and iron-capped piles, inclined to an angle of about fortyfive degrees down stream.
Near these was a row of thirty torpedoes, containing about two hundred pounds of powder each, and fitted with metal fuses connected with spring percussion locks, with trigger-lines attached to the pointed piles.
The second barrier was quite as formidable, about one mile above the first, and abreast of Fort Thompson
It consisted of a line of sunken vessels closely massed and of chevaux de frise, leaving a very narrow passage close to the battery.
in passing through carried away a head of iron on the piling; the Barney
had a hole cut in her, and the Stars and Stripes was also injured; but fortunately the torpedoes failed to serve the enemy's purpose.1
The forts, six in number, exclusive of those on Trent Liver, were well constructed earthworks, varying in distance apart from half a mile to a mile and a half, and mounting in all thirty-two guns, ranging from 32-pounders to 80-pounders, rifled, all en barbette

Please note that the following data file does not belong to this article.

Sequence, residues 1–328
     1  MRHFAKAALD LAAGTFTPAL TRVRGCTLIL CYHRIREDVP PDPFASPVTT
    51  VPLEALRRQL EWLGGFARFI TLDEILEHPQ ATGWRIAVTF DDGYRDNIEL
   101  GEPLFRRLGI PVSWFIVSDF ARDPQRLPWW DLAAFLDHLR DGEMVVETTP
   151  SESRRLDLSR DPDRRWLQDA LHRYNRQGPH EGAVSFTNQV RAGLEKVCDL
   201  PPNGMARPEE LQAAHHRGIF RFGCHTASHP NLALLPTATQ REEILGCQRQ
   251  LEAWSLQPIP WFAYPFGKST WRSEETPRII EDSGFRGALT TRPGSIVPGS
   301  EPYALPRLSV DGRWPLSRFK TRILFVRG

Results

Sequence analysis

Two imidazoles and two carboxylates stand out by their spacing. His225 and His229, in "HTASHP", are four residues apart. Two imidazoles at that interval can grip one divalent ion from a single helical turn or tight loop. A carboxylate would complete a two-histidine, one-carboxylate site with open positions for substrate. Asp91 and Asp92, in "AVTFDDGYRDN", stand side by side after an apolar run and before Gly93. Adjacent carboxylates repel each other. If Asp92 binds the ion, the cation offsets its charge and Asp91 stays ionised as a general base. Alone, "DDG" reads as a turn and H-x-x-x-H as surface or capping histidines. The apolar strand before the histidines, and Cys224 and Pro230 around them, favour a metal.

, with the exception of one casemated fort, mounting two guns.
It may well excite surprise that not a single casualty occurred on board of the flotilla.
Of the navy force on shore with six howitzers, under Lieutenant McCook
, 2 men were killed, 11 wounded, and one howitzer disabled.
The force of the enemy was about equal in number to the Union
Only 200 were captured, but a very large amount of army equipage and supplies were found at Newbern
Our casualties were 88 killed and 352 wounded Those of the Confederates
are not known.
On the 25th of April the Union
troops then in Beaufort, N. C.
, with breaching batteries, which they had established, opened fire on Fort Macon
; before sunset the fort surrendered.